A Message from Marlene
I just finished reading a blog written by James E. Ford, the 2015 North Carolina State Teacher of the Year. The blog, titled, “Teacher Appreciation Week Not Enough” very frankly speaks to the fact that while we Americans say teachers are important, our actions say something entirely different. From the pressure of reforms which focus on accountability through standardized testing to the continued inequity in salaries he sees many of his colleagues leaving the profession. He predicts a far reaching teacher shortage, based on the fact that nationwide teacher prep programs have declined in enrollment by 35% over the last five years.
I loved being a teacher. I specifically loved being a teacher in a Lutheran School. But, I also know that I was way undervalued in a crass commercial sense. I did and still do feel a call to the education ministry of the church, however, I do believe that if the faith-based schools are going to continue, we need to seriously look at how we improve salaries and benefits.
A colleague recently lost a teacher to the public school system. This young teacher, newly married, wishing to buy a house, saddled with school debts felt she simply could not turn down the chance to double her salary in one move. It appears that the days when Lutheran teachers were paid in produce to offset their salaries are simply over! And while in some cases public school teachers are paid better, they too are now faced with prescribed teaching methods and testing requirements which suck the joy and creativity out of teaching. One of the comments written after the blog was from a mother of a son just graduating high school. She commented that he always wanted to be a teacher and even though he would have been great, she did her best to dissuade him as teachers are underpaid and unappreciated. What a sad situation!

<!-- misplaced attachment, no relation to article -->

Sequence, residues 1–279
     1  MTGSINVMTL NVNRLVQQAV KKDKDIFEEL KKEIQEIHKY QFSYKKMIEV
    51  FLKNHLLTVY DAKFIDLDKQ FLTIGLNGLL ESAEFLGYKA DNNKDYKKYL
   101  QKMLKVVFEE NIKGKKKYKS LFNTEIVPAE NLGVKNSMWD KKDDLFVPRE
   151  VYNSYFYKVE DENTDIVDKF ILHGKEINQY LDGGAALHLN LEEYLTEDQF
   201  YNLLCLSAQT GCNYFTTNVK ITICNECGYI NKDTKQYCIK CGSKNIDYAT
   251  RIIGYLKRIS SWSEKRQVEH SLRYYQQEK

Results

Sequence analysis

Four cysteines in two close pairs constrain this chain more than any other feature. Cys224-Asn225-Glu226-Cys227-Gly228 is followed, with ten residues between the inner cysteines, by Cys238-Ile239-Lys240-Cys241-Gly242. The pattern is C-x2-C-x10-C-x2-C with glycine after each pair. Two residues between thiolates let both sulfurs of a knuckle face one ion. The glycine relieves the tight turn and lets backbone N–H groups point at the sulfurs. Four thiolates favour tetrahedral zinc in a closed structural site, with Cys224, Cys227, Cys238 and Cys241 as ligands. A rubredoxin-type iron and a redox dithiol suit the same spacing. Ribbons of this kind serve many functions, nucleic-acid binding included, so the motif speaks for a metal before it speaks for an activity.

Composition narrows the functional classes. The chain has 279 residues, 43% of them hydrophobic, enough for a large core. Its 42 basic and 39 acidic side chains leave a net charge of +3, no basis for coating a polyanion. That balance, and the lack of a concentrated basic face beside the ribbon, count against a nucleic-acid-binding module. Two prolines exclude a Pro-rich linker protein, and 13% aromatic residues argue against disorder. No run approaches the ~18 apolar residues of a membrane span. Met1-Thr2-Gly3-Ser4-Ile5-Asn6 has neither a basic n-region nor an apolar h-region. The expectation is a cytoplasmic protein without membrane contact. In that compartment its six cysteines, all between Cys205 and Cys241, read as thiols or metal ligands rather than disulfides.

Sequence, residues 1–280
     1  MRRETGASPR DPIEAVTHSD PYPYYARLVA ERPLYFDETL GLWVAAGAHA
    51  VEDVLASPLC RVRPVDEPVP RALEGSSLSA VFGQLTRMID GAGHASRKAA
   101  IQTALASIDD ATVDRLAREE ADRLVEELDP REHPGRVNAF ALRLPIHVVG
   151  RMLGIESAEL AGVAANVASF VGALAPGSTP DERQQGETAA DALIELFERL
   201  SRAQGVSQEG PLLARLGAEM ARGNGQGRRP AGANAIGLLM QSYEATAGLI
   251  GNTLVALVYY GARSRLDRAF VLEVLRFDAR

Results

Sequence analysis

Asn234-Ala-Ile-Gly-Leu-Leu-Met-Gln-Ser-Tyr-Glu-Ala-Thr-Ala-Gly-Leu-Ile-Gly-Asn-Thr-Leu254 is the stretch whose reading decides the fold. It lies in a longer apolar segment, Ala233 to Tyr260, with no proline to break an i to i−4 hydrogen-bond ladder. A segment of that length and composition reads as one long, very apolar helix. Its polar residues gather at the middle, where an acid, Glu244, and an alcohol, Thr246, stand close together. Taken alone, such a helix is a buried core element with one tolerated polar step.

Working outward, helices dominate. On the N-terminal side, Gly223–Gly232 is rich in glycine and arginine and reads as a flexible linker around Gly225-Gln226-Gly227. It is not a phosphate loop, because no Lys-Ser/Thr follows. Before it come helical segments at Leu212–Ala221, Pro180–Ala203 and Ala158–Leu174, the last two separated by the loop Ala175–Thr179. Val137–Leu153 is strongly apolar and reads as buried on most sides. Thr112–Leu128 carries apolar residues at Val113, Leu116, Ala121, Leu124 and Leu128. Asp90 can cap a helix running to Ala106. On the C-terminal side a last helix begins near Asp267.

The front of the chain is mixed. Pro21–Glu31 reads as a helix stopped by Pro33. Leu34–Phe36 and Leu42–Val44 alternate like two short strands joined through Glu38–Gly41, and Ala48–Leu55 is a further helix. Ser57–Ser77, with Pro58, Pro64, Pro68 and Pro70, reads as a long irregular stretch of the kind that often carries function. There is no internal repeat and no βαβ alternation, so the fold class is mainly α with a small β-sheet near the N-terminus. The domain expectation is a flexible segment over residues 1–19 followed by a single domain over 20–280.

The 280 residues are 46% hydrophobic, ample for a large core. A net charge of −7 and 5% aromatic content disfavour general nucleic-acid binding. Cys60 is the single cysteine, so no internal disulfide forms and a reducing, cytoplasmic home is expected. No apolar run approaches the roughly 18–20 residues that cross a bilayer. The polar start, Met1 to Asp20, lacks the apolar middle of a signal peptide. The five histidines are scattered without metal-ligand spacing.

One of the direct quotes from the Ford’s blog is, “Our nation’s teachers are the infrastructure of this republic. Like water pipelines, roads and bridges their purpose is that of the common good.” If we truly believe that statement, it’s about time we start advocating for our teachers wherever they are—in public, private, or faith-based schools.
We’ll resume monthly newsletters in August. Enjoy the summer!! And if you’re a teacher on summer break I wish for you peace and rejuvenation. Thank you for all you do!!
The Lester R. Bayer Award for Excellence in Urban Education
We are now seeking nominations for the 2017 Lester R. Bayer Award for Excellence in Urban Education. The award which was established in honor of Dr. Bayer, one of the founders of the Center for Urban Education Ministries, recognizes those highly successful in operating innovative and effective urban education programs. Churches, schools and social service agencies involved in education are eligible to apply. Nominations are due at the CUEM office no later than October 31, 2016 and should include:
- Organization name, address, phone number and website.
- Name and contact information for organization’s director or leader.
- A one page statement describing the work of the organization or program.
- A one page statement outlining why the organization should receive the Bayer Award
- Letters of support for the nomination are encouraged.
Looking to Next Semester
CUEM will be hosting our next blended learning training experience in New York from November 2-4, 2016. Any schools interested in pursuing this opportunity should contact Marlene Lund at 212-870-1105 in order to explore possibilities.
And finally…a little humor